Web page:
The history of the @ symbol.
Friday was Sysadmin Appreciation Day.
The I Ching online.
Chinese news report claims that the dinosaurs were wiped out by climate change brought on by chronic flatulence. Via Stuffed Dog.
Long-suffering British commuters may benefit from taking a look at delayed.net (for rail services) or Tubehell (for the London underground).
Read some tube haiku -
London Underground humour.
Via Not So Soft.
Hello Kitty Museum.
Kenkichi's photo gallery. Japan photos from before World War 2 to contemporary times.
Nature photo gallery. Japanese landscape photography.
Discovery - 'Ruins reveal emperor's private battleground.' Archaeologists believe they have discovered an arena used by the Roman Emperor Commodus for private gladiatorial contests. Via Ancient World Web.
Cybercafe opens in Baghdad.
World's first rotten fish museum to open in Sweden.
Humorous Internet oracles. Via Pop Culture Junk Mail.
Celebrating Nicholas Saunders, British social inventor.
Britain to launch its very own Mars probe. Hurrah!
Public toilets in Vienna by district, and indicating useful things such as whether they are underground, wheelchair-accessible, etc. In German.
I'm thinking of applying to be Hollywood's next Euro-villain.
My American friend has now gone back to the States... I think she had a good time. On her last night we saw the Spanish film 'Butterfly Tongues', a film about a small boy and his teacher set against the backdrop of the Spanish Civil War. I do recommend it if you are looking for something a little different.
Snopes.com is a superb urban legends reference site.
New Scientist on good housekeeping with friendly molluscs (and arachnids, and reptiles).
'Hate housework? Can't find a reliable cleaner? Try a slug.'
BBC - 'Unweaving the world wide web.'
'US physicists say although the internet copes well with attacks on random parts it fares badly when the most richly interconnected nodes are targeted. '
'In simulations, knocking out the top 4% most interconnected nodes broke the web into disconnected islands. '
Rest in peace, Ahmad Shamlou.
The Democrats got hold of bush-cheney.net before the Republicans did.
Reuters - 'Solarium to put nude clients on-line.' The owner of the German solarium says that it is not about pornography, but lifestyle. He's looking for advertisers. You can visit the solarium's website (in German) here.
A Ghanaian writes about life in Wales.
Betty Boothroyd retires.
Send someone you like a virtual bouquet.
BBC - 'China claims invention of toilet.' 'Archaeologists say they have discovered the world's oldest known water closet in the 2,000-year-old tomb of a king in central China.'
Curiosity killed the rat.
Busy busy busy weekend having fun in London... more on that later. The Tower of London is a bit overpriced and a bit of a tourist trap, I realise; but we had a good time in the West End, seeing a good film and pubbing.
Spinning Jenny revives. Great!
Quirky Japan. Via Pop Culture Junk Mail.
Romeo and Juliet in Tehran.
New Scientist on Chew Chew the carnivorous robot train.
Dave's Japan homepage includes a very comprehensive list of Japan links.
The Kanji Game.
J-List. All about Japanese popular culture.
Classic home computer games. Wonderful. Via Linkmachinego.
BBC - 'Science finds particle perfection.' 'Physicists have found the particle that completes our understanding of the fundamental building blocks of the Universe. ' The particle is called the tau neutrino.
BBC - 'Scientists 'locate' intelligence. 'British and German scientists believe they have identified a specific area of the human brain which appears to be responsible for intelligence. '
Guardian - 'Empty words again?' On the G8 summit and Third World debt.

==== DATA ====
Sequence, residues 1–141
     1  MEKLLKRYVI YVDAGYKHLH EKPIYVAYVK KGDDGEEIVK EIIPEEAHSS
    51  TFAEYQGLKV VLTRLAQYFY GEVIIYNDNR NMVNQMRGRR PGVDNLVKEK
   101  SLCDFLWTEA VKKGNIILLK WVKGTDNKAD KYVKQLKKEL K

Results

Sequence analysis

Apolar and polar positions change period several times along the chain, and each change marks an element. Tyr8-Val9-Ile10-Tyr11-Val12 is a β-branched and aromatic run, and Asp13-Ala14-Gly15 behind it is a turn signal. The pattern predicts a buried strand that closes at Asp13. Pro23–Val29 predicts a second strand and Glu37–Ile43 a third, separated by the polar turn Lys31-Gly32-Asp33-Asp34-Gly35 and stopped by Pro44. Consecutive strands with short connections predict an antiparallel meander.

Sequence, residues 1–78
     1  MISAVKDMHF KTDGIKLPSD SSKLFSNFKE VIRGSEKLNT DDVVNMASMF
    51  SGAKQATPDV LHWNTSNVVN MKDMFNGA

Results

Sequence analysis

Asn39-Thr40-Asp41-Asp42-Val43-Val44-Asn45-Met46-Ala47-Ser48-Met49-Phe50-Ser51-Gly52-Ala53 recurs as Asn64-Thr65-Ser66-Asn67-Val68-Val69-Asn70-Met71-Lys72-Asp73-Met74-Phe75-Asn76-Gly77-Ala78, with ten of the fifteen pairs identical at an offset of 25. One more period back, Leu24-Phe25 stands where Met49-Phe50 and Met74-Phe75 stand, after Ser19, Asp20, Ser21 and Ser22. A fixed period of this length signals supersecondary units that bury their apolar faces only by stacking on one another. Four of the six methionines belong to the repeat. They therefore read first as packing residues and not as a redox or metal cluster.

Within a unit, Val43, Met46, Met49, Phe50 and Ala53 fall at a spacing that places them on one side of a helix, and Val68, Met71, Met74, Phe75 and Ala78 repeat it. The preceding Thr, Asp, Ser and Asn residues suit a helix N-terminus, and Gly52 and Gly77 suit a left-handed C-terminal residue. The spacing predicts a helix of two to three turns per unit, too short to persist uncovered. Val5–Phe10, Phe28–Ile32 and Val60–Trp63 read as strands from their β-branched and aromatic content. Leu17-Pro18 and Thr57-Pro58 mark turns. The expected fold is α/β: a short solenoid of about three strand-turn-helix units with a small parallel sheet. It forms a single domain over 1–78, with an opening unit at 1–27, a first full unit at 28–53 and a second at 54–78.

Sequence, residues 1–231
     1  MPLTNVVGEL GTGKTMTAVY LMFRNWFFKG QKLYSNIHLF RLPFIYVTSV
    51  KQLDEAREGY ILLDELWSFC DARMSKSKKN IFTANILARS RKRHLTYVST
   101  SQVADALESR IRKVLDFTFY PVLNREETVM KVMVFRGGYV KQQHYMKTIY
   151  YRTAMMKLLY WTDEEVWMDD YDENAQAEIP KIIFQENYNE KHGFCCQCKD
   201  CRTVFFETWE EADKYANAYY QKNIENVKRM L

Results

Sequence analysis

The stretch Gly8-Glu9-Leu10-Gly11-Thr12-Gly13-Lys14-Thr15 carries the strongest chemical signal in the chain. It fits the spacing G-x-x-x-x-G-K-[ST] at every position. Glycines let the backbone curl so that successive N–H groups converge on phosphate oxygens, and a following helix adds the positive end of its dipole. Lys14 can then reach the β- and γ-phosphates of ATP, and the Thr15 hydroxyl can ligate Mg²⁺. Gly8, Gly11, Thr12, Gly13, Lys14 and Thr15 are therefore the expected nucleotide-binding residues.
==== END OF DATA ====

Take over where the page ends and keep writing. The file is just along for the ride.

RIP Paul Young.
BBC - 'Parasite's web of death.' 'The extraordinary behaviour of a parasitic wasp that forces its spider host to weave a special web on which it can hang a cocoon has been described by an American researcher.'
I'm feeling a little entomological today!
'Bees trapped by sex sting.'
'Insects use lesbian ruse.'
'100 eyed bug surprises scientists.'
The New Scientist on caterpillar cannibalism.
Guardian - 'UN report scorns UK human rights record.'
New Republic - 'Where angels fear to tread.' Opinion piece on the Clinton administration's role in Sierra Leone.
Roman Colosseum gets first show in 1500 years.
'Is there a music gene?' Has music evolved to help humans build civilisations, win partners, bring up children? A great man - I think either Louis Armstrong or Fats Waller - was once asked to define jazz. His reply was something along the lines of - 'Man, if you gotta ask, you're never gonna know.' Music and other creative activities enhance life by giving pleasure.
Link via Rebecca's Pocket.
In the mood for Tokyo. Nice photographs. Via GMT+9.
Hours of fun with solar systems collisions! Via Bifurcated Rivets.
Ask the governments of the G7 richest countries (USA, Japan, Germany, UK, France, Italy, Canada) to drop the debt. Via Not So Soft.
Apparently, Tokyo is the world's most expensive city, followed by Osaka and Hong Kong. London is sixth, New York (buoyed by a strong US$) is eleventh, Paris (partly due to a weak euro) is twelfth. Somewhat surprisingly (to me), Tashkent and Libreville make the top ten.
Try the Guardian's 'villainous Brits in Hollywood' quiz.
Many happy returns to the Paris Metro.
What kind of cheese are you? I'm Red Leicester. Hard and red. Heh. Via Linkmachinego.
AP - 'Stonehenge mystery.' 'A mysterious execution some 1,300 years ago could force historians to rewrite the history of Stonehenge, and even rethink their ideas about early English society...'
'Mike Pitts believes the bones of a decapitated Saxon man could shatter the established theory that Stonehenge was abandoned as a relic about 1,500 BC, and show the site still held a dark power over Britons about 700 AD.'
Via Ancient World News.
A fiendishly clever anagram generator.
BBC - 'Eloped princess faces charges.' 'A Bahraini princess who eloped to the United States to marry a US Marine must face charges of illegally entering the country, a federal immigration judge has ruled. '
Guardian - 'Taliban send off footballers in shorts.'
Life in Japan through the eyes of a gaijin. Entertaining. Via Bifurcated Rivets.
Cat to English dictionary. Via Pop Culture Junk Mail.